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Perhaps you have been approached by a termite control salesman working with a company that has proposed using termite control baits on your property. They may be using this control method exclusively, or they may use it to augment their standard chemical treatment.  The question is, do you need to spend the additional amount of money for this kind of treatment?

A division of Dow Chemical first came out with their termite baits, (Sentricon) but there are several others now, some with different active ingredients, some have the same, more or less.  Some are growth regulators and some are respiratory inhibitors.  The actual sequence is simple, consisting of bait stations implanted into the ground and monitored for termite activity.  Once activity is detected, the plain wooden (or paper) inserts are switched with ones impregnated with an active ingredient.

There are several variations of this theme, especially with the newer baits, but they all work on a "monitoring" system.  That is, the pest control operator has a technician come around to check each monitor on a regular basis.  "Regular" depends on the system, the operator and what section of the country you live in.

To start his program, the pest control operator makes a survey of your property, searching for any obvious areas that may harbor termite activity.  These areas are where he will implant these baiting devices into the ground, sometimes in groups of several, noting their locations carefully, as each must be monitored closely - as often as once per month.

One thing to remember with most of the baiting programs, they DON'T include an inside inspection.  An inside inspection is EXTREMELY important, it tends to catch termites before they get a head start eating your house.  And just because you have those expensive plastic devices stationed around your house doesn't mean that you won't have an inside termite problem....  So if you're considering using any of the baiting plans, be sure to specify that you want yearly inside inspections.  (We tell our renewal customers to call in for an inspection when you get the invoice.)

Usually the salesman ushers you around your property, showing you areas where termites are known to be.  He will turn over rocks, search in your garden, and look by your woodpile, in the hopes of finding signs of termites.  

Assuming you spring for the deal, he inserts these devices into the areas where he has found termites.  The methodology being that since termites are already in the area, they will also find the bait in the termite station.  (Okay, so far....)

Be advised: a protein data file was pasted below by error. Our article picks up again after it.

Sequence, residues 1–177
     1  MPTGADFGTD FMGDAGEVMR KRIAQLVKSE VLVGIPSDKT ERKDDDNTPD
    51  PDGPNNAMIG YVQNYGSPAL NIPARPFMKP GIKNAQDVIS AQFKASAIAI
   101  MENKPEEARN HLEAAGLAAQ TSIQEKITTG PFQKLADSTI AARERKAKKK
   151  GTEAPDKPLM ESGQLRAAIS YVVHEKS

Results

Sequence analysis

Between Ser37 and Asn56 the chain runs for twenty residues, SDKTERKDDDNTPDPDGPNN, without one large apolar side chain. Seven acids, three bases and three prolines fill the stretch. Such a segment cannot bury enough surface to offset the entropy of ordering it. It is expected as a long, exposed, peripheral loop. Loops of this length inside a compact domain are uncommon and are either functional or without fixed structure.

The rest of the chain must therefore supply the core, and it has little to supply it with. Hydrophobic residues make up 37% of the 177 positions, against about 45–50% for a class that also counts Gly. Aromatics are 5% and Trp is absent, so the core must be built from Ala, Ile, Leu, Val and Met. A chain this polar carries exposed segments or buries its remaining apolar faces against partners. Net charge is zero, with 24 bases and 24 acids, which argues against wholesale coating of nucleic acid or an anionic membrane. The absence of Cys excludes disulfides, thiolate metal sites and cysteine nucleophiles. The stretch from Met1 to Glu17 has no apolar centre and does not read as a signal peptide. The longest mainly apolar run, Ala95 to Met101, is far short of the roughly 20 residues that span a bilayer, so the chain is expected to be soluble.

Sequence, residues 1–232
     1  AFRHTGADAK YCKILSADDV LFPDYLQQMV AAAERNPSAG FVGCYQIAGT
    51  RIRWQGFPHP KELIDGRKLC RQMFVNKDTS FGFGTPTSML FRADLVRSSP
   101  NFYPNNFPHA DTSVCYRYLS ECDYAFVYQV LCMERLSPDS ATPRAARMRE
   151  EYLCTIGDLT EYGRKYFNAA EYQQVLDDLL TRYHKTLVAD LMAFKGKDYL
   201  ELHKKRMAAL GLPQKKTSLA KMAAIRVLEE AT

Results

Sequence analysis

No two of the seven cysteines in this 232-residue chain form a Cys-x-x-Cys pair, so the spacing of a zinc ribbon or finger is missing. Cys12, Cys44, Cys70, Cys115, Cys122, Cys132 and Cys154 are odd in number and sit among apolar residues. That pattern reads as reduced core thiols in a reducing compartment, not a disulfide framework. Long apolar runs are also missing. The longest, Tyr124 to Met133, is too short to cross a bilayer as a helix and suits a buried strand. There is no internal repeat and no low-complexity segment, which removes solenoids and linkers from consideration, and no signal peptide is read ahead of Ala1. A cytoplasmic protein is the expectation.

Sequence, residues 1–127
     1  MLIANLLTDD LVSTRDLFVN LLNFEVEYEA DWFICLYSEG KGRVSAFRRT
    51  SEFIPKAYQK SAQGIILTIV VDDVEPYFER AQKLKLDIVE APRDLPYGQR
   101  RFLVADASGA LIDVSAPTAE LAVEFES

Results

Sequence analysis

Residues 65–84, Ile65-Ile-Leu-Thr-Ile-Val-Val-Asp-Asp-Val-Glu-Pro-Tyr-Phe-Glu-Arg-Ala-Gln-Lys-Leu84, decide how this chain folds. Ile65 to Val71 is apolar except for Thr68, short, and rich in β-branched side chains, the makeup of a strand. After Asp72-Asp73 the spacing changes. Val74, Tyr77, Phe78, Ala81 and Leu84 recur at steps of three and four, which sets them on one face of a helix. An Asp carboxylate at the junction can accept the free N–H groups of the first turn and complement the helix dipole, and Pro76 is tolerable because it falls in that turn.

Find them, he will, since termites can actually be found in all of these areas almost all the time, and by the time this salesman has finished walking you around the property, you can easily feel that your whole property is infested with termites and if you don't act soon, you will be in big trouble.  (Uh-oh....)

This is where the 'questionable' part comes in.  Right at this point is where the pest control operator can inject his influence to help you make your decision.  A salesman, of course, will try to talk you into paying for this procedure.  An ethical exterminator will tell you the truth - which means that any straight thinking person probably wouldn't go for it.

Few people are really in "big trouble," except for maybe being exposed to the salesman.

The Whole Truth

It is environmentally friendly.  That's just about the only good news.  The bad news is that you are going to pay through the nose.

You'll probably need it. It is VERY expensive. Sometimes twice the cost of standard treatments, and there is also a monthly monitoring cost to figure in, as much as $40.00 per month. On top of that, it is a slow control method and not proven or tested in this area. Since most of the tests performed on these products have been done in the deep south, the same results cannot be expected in the northeastern United States. Makes me think that, perhaps, they know this, and don't want to risk "iffy" results from a true scientific test in the northeastern United States.  At the moment, the manufacturers are using hearsay and testimonials to further their cause. Hearsay and testimonials do not belong in a scientific study.